Trump Seeks Campaign Cash from New York Real-Estate Buddies
Donald Trump, taking steps to mobilize a fundraising operation to support his presidential bid, said he planned to meet over lunch in Manhattan today with a group of friends and supporters from the New York real-estate world.
Trump called the group “the biggest real estate people in the country” during an interview at Trump Tower before the meeting. Those expected to attend included the billionaire Richard LeFrak and Howard Lorber, both of whom Trump has known for decades and has called his closest friends. Others included Steve Roth and Michael Fascitelli, the current and former chief executives of Vornado Realty Trust, and Steve Witkoff, who once worked for a law firm that represented Trump and later started his own real-estate company.
Trump is starting to raise funds for a general election contest against Hillary Clinton after mostly relying on media attention and his own fortune to prevail in the Republican primary. Trump held his first fundraising event in California last week, and is planning gatherings in Texas, New York, and elsewhere over the coming days.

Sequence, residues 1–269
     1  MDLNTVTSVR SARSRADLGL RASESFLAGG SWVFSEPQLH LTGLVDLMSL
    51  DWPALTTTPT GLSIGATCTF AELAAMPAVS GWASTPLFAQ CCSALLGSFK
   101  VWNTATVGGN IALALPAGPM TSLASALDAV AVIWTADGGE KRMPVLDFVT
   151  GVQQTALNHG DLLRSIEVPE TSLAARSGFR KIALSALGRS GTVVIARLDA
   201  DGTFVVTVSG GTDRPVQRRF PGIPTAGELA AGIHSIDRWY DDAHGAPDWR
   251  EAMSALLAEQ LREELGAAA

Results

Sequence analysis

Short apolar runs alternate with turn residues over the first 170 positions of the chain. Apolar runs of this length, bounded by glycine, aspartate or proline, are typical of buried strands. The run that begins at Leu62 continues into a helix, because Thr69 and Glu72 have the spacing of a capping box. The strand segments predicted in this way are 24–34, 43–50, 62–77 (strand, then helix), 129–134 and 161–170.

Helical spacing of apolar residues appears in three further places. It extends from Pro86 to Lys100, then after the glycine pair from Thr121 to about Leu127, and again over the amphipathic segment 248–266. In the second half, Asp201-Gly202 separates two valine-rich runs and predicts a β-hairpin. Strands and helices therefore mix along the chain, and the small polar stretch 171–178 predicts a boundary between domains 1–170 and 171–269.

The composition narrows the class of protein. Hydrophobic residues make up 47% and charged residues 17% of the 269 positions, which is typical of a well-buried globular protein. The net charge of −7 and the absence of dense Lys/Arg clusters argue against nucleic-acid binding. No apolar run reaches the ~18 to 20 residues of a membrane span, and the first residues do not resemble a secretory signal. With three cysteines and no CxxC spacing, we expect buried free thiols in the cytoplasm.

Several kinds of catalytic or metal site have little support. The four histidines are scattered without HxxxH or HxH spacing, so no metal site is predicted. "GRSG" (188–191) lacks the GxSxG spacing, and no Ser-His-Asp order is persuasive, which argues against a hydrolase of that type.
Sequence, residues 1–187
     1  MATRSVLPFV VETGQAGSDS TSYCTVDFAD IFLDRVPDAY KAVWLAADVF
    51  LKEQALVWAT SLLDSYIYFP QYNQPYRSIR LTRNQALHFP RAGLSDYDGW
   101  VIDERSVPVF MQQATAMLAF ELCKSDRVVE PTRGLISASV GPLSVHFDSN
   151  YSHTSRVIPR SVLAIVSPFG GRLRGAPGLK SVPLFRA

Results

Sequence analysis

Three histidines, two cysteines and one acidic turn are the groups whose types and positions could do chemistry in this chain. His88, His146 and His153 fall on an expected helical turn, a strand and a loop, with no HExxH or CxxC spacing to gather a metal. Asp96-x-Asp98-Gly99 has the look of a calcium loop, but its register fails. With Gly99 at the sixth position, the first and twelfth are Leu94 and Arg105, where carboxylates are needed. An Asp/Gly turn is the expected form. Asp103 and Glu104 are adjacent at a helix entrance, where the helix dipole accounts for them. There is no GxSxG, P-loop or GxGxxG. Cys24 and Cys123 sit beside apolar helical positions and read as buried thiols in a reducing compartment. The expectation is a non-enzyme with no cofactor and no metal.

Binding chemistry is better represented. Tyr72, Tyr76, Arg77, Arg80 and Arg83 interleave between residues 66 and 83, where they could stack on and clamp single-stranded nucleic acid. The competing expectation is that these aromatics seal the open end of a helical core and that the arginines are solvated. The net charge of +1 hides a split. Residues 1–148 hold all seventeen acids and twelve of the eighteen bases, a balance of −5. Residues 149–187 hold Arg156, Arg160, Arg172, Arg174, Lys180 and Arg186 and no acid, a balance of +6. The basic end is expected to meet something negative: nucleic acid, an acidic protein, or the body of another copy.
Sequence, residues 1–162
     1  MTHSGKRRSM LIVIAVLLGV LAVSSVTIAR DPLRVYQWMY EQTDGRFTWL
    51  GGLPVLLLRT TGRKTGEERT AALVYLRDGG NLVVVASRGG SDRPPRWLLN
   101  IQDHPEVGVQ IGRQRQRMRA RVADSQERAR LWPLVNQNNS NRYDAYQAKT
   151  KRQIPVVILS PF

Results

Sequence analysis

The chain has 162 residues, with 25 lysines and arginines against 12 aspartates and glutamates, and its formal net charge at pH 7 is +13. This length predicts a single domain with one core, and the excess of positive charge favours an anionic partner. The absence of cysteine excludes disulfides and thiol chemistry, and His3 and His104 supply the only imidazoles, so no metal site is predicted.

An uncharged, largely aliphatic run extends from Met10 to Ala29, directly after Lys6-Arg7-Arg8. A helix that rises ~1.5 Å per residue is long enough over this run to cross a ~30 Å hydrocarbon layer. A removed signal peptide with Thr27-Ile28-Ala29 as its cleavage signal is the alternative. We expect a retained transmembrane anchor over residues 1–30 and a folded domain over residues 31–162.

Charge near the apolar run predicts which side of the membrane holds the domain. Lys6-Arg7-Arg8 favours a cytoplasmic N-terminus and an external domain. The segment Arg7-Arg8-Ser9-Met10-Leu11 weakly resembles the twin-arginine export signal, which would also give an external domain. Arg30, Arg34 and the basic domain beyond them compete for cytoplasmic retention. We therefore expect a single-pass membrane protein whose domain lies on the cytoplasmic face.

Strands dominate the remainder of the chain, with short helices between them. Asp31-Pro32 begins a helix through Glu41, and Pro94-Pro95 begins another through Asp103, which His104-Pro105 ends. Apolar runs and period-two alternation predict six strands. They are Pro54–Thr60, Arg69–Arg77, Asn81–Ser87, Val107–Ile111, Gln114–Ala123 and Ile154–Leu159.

Clinton, for her part, has been assembling her fundraising infrastructure for more than a year. Just in the past three weeks, the main super-political action committee supporting her spent $5.7 million on advertising attacking Trump.
Several groups of Trump supporters are advancing plans for super-PACs, which can accept donations of as much as $1 million or more, but none has yet emerged as the dominant vehicle.
Trump, who had earlier pegged the cost of a presidential bid at $1 billion, said in the interview that he now sees no reason to raise even half that amount, because he can continue to rely on free media.
Like Trump himself, the real-estate executives he invited to today's meeting aren't staunchly partisan in their political giving. Over the years, Lefrak, Lorber, and Fascitelli, the biggest spenders of the bunch, have each given between $200,000 and $400,000 to federal races, according to Federal Election Commission records. Each gave at least a quarter of his money to Democrats. None of the five had donated to Trump as of April 30, the last day for which campaign contributions have been disclosed. None of the five returned phone calls or emails today.
LeFrak actually donated to a different candidate during the Republican primary—Governor John Kasich of Ohio.